The subtleties of a compelling new article in The Atlantic, and some of the included quotes, may leave some people with the wrong impression.
Reporter Alana Semuels, who spent time in Texas a few months ago and has written a series of important stories for The Atlantic on housing issues in our state, tackles the question of mobility in Austin in her latest, “What Will Become of America’s Slums?”
For more than three decades, I have worked with community development corporations (CDCs) in East Austin, both for community revitalization and as an advocate for increased housing choices and mobility on the part of people of color with lower incomes who depend upon subsidized housing. I have worked in both the neighborhoods portrayed in Semuels’ story.
No one would characterize either the area around Foundation Communities’ wonderful M Station development or the beautiful Guadalupe neighborhood as distressed or segregated. Both neighborhoods are high opportunity areas that are racially, ethnically and economically diverse. Students in the neighborhood schools show some of the highest test score improvements in Austin. Crime is way down, Retail and entertainment is drawn to these areas like a magnet. The “high opportunity” nature of both neighborhoods has recently resulted in the widespread economic displacement of people of color with lower incomes, principally by white people with higher incomes.
These neighborhoods were not revitalized by large scale investments in multifamily subsidized housing. They were revitalized by strategic, long-term investments in public facilities and services, owner-occupied home rehabilitation, street, alley and sidewalk improvements, community accountable policing and small-scale infill rental and owner-occupied housing developed by CDCs under the sole control of neighborhood residents, whose mission is primarily about community development and improvement. Another significant factor is Austin’s rapid growth in upper income households. Any attempt to generalize based on these neighborhoods must take these unique factors into account.
The M Station tax credit development was developed at just the right time, in a manner strategically coordinated with the residents of the neighborhood, in the wake of these community development improvements that neighbors worked to secure. M Station leveraged and consolidated the massive revitalization that was decades in the making. This is, unfortunately, not the way things usually play out in the development of subsidized housing in traditional neighborhoods of color.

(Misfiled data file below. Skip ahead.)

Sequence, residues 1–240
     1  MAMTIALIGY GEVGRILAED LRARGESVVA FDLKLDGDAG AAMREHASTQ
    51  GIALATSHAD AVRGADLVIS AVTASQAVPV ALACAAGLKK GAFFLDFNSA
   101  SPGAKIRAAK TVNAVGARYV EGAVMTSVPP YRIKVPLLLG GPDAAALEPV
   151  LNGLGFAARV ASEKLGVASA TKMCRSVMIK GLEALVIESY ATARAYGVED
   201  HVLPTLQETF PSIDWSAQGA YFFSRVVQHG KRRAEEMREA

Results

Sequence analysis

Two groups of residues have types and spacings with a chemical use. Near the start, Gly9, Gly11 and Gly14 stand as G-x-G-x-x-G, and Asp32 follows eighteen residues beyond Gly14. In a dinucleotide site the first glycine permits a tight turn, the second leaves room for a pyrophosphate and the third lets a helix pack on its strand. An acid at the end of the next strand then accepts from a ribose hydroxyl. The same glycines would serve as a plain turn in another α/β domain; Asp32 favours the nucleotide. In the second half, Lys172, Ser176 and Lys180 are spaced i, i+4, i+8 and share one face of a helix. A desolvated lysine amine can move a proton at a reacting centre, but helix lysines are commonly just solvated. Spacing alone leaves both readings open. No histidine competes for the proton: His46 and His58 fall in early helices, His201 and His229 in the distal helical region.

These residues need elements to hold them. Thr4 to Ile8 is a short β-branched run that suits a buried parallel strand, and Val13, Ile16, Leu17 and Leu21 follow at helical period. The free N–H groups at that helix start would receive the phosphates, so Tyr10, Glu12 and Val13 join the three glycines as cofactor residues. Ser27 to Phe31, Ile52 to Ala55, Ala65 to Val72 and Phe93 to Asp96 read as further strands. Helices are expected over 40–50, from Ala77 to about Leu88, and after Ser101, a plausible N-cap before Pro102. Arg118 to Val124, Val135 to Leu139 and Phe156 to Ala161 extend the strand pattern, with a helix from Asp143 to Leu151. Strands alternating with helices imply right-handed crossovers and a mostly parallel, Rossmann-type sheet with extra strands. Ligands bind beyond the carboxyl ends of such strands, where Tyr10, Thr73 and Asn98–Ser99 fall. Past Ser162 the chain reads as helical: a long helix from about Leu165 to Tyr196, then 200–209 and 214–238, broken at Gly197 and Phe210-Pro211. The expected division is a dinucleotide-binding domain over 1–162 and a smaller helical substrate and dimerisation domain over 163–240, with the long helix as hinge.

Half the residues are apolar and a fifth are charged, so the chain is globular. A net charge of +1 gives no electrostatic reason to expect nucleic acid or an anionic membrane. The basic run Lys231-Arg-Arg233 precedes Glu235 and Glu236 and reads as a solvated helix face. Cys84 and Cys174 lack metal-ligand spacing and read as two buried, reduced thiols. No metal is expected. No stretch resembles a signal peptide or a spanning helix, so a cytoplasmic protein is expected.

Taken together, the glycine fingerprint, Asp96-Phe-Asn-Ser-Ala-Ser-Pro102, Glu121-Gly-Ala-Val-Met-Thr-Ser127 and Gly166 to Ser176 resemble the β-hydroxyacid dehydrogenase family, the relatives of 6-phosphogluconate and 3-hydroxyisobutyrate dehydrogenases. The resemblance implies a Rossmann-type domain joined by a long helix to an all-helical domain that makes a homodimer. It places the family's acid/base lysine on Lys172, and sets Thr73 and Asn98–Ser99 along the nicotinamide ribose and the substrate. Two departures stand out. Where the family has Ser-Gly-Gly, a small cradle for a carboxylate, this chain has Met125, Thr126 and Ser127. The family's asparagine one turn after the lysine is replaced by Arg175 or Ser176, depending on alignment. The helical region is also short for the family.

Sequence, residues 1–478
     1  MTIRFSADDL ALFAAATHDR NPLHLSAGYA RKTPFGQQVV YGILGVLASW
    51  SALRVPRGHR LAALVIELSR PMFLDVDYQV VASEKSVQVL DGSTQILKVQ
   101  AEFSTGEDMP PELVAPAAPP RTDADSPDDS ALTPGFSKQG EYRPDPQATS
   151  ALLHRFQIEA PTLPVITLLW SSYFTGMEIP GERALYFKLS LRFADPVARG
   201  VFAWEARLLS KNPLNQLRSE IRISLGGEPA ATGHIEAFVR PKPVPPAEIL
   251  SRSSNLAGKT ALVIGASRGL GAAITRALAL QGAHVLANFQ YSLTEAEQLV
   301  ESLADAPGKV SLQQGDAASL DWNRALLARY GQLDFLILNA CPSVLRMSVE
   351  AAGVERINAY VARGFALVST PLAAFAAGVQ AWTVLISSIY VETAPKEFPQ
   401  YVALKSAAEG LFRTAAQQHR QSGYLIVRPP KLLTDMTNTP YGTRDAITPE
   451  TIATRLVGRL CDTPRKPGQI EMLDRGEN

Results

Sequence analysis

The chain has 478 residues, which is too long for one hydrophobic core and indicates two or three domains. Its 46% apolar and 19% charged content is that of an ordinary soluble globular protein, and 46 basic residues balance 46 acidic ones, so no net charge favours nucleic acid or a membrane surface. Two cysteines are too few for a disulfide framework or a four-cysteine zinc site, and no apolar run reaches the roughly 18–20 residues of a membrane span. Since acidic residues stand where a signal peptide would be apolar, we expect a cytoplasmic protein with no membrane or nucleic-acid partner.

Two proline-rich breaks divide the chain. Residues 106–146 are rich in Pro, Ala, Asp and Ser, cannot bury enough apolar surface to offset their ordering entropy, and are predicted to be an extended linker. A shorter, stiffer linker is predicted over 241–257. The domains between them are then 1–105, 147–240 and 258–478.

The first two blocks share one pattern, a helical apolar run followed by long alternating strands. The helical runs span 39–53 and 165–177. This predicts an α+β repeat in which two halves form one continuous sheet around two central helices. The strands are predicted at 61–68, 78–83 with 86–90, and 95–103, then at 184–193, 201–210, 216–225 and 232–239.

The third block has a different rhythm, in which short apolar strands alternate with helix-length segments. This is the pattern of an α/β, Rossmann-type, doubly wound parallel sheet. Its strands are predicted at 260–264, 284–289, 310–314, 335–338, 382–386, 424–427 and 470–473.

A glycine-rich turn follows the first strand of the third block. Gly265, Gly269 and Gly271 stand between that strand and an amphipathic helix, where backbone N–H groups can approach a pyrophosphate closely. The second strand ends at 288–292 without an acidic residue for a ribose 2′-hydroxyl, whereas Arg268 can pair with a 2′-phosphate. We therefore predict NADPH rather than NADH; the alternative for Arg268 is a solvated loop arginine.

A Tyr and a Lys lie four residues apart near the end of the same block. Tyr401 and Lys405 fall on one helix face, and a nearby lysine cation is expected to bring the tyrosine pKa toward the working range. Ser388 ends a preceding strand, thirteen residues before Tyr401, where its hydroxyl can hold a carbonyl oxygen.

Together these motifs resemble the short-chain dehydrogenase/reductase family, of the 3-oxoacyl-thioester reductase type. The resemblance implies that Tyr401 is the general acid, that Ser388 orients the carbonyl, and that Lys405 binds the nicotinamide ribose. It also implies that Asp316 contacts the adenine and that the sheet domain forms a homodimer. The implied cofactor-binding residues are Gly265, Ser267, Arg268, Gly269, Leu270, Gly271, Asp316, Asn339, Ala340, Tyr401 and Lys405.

For these reasons, these are not distressed neighborhoods to be employed in a “revitalization vs. mobility” debate. Persons on both sides of that debate would agree there needs to be more public investment in affordable housing in these type of neighborhoods to stem the involuntary exodus of low income, and especially low income African-American, households from these (transitionally) integrated, high opportunity neighborhoods. These are among the only economically, racially and ethnically integrated neighborhoods in Austin. We must prioritize working to maintain their integration.
If we want to have a “revitalization vs. mobility” debate, there are other areas in Austin that are racially segregated, manifestly lower opportunity neighborhoods with high poverty and high crime that can serve as examples of areas that need to be “revitalized.” Austin has for decades concentrated, by conscious and deliberate public policy, virtually all subsidized housing in those segregated, high poverty neighborhoods. To maintain this type of segregation is unconscionable. There are also many neighborhoods in other parts of town, undeniably high opportunity places to live that have very few low income residents and absolutely no subsidized housing, that can serve as examples of areas that need targeted mobility efforts.
One additional observation: As the story rightly suggests, we must obviously avoid generalizing that every family of color wants to remain living in historic African-American and Hispanic neighborhoods. That has long served as a justification for government to produce the appalling segregation of subsidized housing that exists today. The gentrification of East Austin and the exodus of the city’s African-American population is the product of both choice and denial of choice. Many people of color are finally exercising a choice to move out of traditional minority neighborhoods to the suburbs. Others are being denied their choice to live in their neighborhood by rising rents and property taxes.
This story illuminates two policy failures: One, the failure to award public subsidies to maintain an affordable housing supply in gentrifying, transitionally integrated, high opportunity neighborhoods, and two, the failure to provide housing mobility choice to residents of subsidized housing by confining subsidized housing to poor parts of town. Both of these failures needs to be remedied.
What the story does not discuss, and what is badly needed, is an exploration of strategies that can transform distressed neighborhoods into high opportunity neighborhoods of choice. Having seen the transformation of the neighborhoods featured in the article up close, I can say for sure that revitalization does not begin with additional subsidized housing. Revitalizing a neighborhood requires much more.